What is being done to prepare young people for adulthood?
Our answer about preparing for adulthood
We're working with our special schools and further education (FE) providers to look at the curriculum with a focus on the 4 areas of preparation for adulthood. All our FE colleges will have a link educational psychologist from September 2021.
We're also working with Adult Social Care and the Transitions Team to develop a range of options available for young people to enable them to transition into adulthood.
With an education, health and care (EHC) plan a young person is eligible for, and requires support up to the age of 25. School support is mentioned a lot but what's the strategy to support young people post-16?
Our answer about SEN support for young people post-16
Our aim is to support young people to feel like part of their community and so working with adult services locality teams is key.
We review each young person on a case-by-case basis and make decisions at their annual review about what provision they need post-16. There's a range of options to help and not all of them need the young person to have an EHC plan. We're working with the Transitions Team and Adult Social Care to make sure we improve our offer and work with the post-16 providers to develop their curriculum.
Why are local authority EP reports so unspecific and unquantified? This means struggling parents have to pay for proper reports themselves that can be used to get an EHC plan and the provision they actually need.
Our answer to feedback about educational psychologist (EP) reports
We're working with our EPs and have introduced a quality assurance process around the report which includes being more specific.
EPs write reports by looking ahead to the future so this sometimes means the details must be flexible too. Families should not feel that they need to use a private EP. If this is the case contact Miriam Leigh, our Principal Educational Psychologist for support: email@example.com.
My daughter would really benefit from attending autism groups, but they're not running due to Covid. The consensus seems to be that these groups may not start again for a long time because of policy and red tape. I do not understand why a suitable and sufficient risk assessment could not be done to allow these groups to take place - maybe outside. It seems a real shame to me that this vulnerable group of children will not get the support they need.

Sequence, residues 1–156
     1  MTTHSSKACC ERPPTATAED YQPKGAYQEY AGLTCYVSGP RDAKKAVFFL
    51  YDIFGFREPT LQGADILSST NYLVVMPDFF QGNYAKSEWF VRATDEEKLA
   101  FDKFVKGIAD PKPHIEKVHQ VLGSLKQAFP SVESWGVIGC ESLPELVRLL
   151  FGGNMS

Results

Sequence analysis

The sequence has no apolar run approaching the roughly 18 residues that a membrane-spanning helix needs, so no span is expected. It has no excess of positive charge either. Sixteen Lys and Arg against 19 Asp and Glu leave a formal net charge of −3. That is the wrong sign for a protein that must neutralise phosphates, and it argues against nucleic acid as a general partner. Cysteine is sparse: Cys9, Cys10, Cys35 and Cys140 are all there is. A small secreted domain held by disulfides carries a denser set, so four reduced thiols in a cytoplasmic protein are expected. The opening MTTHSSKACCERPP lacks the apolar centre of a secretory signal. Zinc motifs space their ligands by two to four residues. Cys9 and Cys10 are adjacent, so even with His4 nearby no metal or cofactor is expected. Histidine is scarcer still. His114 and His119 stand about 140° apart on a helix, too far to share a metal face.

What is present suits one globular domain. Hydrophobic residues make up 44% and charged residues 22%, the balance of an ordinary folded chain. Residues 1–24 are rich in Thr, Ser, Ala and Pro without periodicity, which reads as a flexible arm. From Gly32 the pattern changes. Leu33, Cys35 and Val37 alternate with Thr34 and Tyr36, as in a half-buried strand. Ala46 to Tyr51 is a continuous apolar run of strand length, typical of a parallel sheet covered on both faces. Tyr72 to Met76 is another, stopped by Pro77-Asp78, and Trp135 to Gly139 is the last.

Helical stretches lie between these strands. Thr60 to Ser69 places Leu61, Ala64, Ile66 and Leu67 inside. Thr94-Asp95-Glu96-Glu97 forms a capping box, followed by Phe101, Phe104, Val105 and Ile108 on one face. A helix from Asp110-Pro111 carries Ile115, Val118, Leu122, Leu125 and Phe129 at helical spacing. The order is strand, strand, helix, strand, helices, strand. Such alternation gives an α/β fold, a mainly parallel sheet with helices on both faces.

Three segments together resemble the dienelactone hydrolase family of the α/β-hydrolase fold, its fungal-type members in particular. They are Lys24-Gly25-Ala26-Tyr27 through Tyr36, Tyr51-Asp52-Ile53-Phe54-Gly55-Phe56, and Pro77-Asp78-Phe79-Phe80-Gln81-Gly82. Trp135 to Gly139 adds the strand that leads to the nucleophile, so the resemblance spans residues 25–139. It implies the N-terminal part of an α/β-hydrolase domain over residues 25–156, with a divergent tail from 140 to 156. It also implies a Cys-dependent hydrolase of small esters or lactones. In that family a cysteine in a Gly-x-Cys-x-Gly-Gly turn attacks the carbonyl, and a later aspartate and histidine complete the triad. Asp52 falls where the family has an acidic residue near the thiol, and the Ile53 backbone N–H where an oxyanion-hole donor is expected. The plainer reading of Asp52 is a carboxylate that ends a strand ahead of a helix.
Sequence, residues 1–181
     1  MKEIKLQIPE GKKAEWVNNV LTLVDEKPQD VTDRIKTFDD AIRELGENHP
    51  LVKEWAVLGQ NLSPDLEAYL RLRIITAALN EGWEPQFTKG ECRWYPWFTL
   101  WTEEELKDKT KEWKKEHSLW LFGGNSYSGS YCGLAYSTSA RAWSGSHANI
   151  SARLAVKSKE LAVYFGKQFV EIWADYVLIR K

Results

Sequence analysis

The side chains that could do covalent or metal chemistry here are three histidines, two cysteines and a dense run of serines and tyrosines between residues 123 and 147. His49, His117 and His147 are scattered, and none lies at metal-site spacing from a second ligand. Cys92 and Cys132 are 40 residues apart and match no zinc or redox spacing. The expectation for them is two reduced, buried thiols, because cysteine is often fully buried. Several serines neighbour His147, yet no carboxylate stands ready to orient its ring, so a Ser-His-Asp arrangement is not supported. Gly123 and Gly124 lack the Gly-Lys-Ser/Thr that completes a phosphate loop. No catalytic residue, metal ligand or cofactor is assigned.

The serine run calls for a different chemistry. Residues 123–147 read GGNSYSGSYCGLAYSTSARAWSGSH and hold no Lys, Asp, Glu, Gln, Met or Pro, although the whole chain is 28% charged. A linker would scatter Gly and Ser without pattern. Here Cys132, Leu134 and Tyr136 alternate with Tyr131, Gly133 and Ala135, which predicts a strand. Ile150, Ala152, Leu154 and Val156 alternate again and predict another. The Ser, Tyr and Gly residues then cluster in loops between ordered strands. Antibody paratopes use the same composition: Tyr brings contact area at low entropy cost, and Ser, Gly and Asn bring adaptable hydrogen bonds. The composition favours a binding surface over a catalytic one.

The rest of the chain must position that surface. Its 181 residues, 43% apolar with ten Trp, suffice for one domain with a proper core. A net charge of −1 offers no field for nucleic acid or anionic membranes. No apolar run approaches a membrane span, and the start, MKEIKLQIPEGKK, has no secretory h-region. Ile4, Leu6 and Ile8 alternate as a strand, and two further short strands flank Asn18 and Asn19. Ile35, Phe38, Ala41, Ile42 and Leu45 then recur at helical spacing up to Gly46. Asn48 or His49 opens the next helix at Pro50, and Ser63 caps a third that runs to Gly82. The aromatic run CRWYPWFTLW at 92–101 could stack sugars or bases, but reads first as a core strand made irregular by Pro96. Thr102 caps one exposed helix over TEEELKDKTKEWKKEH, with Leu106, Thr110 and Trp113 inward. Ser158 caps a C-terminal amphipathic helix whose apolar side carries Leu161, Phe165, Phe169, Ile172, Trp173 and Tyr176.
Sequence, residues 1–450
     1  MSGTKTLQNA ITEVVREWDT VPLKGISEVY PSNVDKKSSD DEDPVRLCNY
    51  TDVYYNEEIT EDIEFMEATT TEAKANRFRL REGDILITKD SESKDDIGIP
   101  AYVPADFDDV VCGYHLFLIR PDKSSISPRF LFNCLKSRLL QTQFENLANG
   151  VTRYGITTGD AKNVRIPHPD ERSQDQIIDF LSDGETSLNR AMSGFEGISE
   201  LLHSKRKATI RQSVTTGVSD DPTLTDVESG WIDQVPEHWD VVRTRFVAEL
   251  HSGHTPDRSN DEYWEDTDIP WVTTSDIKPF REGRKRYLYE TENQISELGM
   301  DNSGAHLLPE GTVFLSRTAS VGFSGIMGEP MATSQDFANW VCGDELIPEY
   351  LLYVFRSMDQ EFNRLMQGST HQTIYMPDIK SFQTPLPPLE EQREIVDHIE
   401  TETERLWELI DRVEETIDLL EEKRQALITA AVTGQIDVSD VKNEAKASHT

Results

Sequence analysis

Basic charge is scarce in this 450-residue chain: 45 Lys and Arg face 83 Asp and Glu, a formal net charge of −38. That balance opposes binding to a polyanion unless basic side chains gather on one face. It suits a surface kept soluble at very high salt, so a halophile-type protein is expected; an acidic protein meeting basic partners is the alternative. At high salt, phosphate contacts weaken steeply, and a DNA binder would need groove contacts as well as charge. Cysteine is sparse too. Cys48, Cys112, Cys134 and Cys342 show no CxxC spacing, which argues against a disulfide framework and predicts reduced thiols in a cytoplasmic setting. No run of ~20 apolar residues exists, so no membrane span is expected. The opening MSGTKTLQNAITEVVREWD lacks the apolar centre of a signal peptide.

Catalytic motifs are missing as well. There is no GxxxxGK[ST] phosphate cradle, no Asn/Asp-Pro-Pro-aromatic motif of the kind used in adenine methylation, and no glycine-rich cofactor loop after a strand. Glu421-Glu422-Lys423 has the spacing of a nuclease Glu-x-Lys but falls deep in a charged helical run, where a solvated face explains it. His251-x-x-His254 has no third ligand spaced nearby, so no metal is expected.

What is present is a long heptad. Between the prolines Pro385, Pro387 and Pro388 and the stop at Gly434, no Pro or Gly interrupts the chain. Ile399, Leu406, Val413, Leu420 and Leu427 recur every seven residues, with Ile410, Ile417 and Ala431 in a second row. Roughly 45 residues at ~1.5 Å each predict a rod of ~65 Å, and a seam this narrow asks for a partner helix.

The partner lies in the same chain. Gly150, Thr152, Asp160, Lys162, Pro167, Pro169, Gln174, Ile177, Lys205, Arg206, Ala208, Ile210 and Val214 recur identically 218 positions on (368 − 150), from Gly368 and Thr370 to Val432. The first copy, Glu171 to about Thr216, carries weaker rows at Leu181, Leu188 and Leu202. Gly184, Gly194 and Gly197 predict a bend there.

Our answer about when groups will start running again
We're working with our colleagues in other organisations, such as health teams to look at opportunities and what's possible. Our frontline early help teams are continuing to deliver groups in a Covid-safe way and we want to use our learning from these to help shape future groups and opportunities.
What will happen now Ansbury has gone? How will this affect the planning for a young person's future?
Our answer about Ansbury's contract ending
Most of the services Ansbury delivered through their contract will be coming into Dorset Council. We want to work with you to make sure that we can deliver what you need in the future. We know this has been a valuable service and do not want to lose this.
Complex communication needs (CCN) bases in schools
What is happening with bases at schools?
Our answer about CCN bases in schools
We are investing in developing more CCN provision in each locality and are consulting with a number of schools to host one. Rather than bases, they will be known as resourced provision where the children are provided with specialist intervention to enable them to access the mainstream experience alongside their peers, as well as receiving specific targeted intervention.
Question about CCN bases in upper schools
We're interested in knowing the progress being made in finding mainstream upper schools willing to take on a CCN base in the Wimborne or Ferndown area.
Our answer about CCN bases in upper schools
We're in the process of consulting the 2 upper schools in East Dorset and hope to have an update by early autumn.